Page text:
This month’s previous article discussed the need for businesses to narrow the gap between their strategy for innovation and their ability to execute that strategy. In today’s post I’d like to dive deeper into the topic of how companies may kick-start their innovative drives and put the spark back in their business.
How does your company work with creativity? Does innovation naturally lead your work and organization, or do you need to push hard for innovation to take place? In my observation, this can be a meaningful question, since the best companies often have the drive for innovation naturally embedded in their cultural makeup. I’d like to share here some thoughts on the many ways to put that spark back into a business. As always, please share your comments and feedback below.
Finding the Inspiration
Stroll through almost any established office environment and you’ll hear terms like “nine-to-five” and “daily grind” thrown around. They’re common ways to describe the routines we often find ourselves in, and hearing such descriptions from loyal and productive employees is a surefire way to make an attentive manager frown.
The truth is your employees are grateful for steady work and benefits, and they’re productive. But some of them, maybe more, are on autopilot. Rather than building their skills, they may be slowly turning into drones. Yes, they complete their work, in the microcosm of their own job description, but outside their desk, the picture is blurry. They’ve lost sight of the company vision. Sometimes a shakeup is just what you need to get employees excited about possibilities. Ask them what they need. Show them some new ideas. Then turn them loose.
Surveys with Substance
Surveys are often met with groans, and deservedly so. The key is to ask good questions of the people who can best answer them. Targeted surveys gather impressions of the company while reserving more specific questions for their demographics. For example, employees in Accounting might get questions about the new computer system, while those in IT are asked about on-call scheduling. You get the information you need without making employees feel like the questions are interrogating them, using too many buzzwords, or too generic.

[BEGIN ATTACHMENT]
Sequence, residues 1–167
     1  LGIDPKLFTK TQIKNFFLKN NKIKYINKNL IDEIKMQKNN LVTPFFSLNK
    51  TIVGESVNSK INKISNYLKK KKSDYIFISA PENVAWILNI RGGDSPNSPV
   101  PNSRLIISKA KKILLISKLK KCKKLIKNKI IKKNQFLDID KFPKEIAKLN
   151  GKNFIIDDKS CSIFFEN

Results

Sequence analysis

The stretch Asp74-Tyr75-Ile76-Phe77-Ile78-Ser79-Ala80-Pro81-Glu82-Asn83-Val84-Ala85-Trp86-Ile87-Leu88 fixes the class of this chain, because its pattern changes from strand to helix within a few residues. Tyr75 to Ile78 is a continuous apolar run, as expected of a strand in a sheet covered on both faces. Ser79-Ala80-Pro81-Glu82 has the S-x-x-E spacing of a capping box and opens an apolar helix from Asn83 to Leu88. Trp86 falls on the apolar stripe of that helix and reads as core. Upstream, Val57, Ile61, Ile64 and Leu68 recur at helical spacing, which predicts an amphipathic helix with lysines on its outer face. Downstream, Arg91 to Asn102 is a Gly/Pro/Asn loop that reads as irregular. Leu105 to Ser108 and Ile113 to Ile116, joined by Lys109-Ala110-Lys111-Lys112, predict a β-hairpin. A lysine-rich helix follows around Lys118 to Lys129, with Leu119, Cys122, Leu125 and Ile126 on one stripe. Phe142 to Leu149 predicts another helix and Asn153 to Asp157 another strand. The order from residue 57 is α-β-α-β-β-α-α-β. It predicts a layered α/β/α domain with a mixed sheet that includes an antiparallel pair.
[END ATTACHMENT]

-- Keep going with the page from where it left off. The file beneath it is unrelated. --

Do What You Do – Let Others Do the Rest
I truly believe any organization is the sum of its people, and each person within a company has certain key skills that collectively constitute a company’s competitive advantage. In this way, it is mission-critical to the success of a company that each employee spends their time doing what they do best. The question from which new ideas and innovation emerge is: “What is best for me to focus on?”
Oftentimes it’s too easy for a CEO or employees to waste their valuable time doing tasks that fall outside the scope of that question. This is why I’m a firm believer in teaming up with business partners that are able to handle the important work a company simply was not founded to do – this is what I call “RightSourcing” (as opposed to “outsourcing”). Hiring experts to handle something like accounting and finance may appear an exorbitant expense at first glance, but in reality it is a fraction of the cost of the wasted time and opportunity and eventual mess that inevitably occurs.
To empower myself and my team to focus on what’s best for us, RAY ALLEN has since its founding over 10 years ago teamed up with our local business process outsourcing partner that does amazing work handling an array of our internal business needs, and it’s this additional expertise that allows us to exclusively focus on our strengths. If you’re looking for such a partner, I highly recommend you connect with INT (www.intinc.com).
Let Them Play
Moreover, employees are happier when they feel open to creative expression. That doesn’t mean you need a game room in your lounge, but it does mean that giving employees room to experiment can yield unexpected and positive results. Maybe you’ve brought in a business mentor to refine the workflows used in processing orders. Perhaps implementing the proposed changes has improved the workflow, but your employees have come up with a few ideas of their own to tweak things. If the idea is good, trust their instincts and let ’em go for it!
New and Old
In sum, established businesses often feel stuffy and old fashioned if they’re treated like antique furniture. A modern touch, with fresh ideas and a bit of adventurous spirit, can bring those dronish employees back to life. The noticeable benefits might include upticks in productivity and revenue. The longer term benefits will be more trust, enthusiasm, and warmth in your employees. In my experience, sometimes the things that make or break your company are those that can’t be easily measured on paper.
Latest posts by Todd Ringleman (see all)
- Who Owns Your ITAM? - April 16, 2019
- A Reflection on 2018: Growing the Company with Core Values and Community - December 21, 2018
- Inspiring the Team: Train, Trust and Thanks - November 29, 2018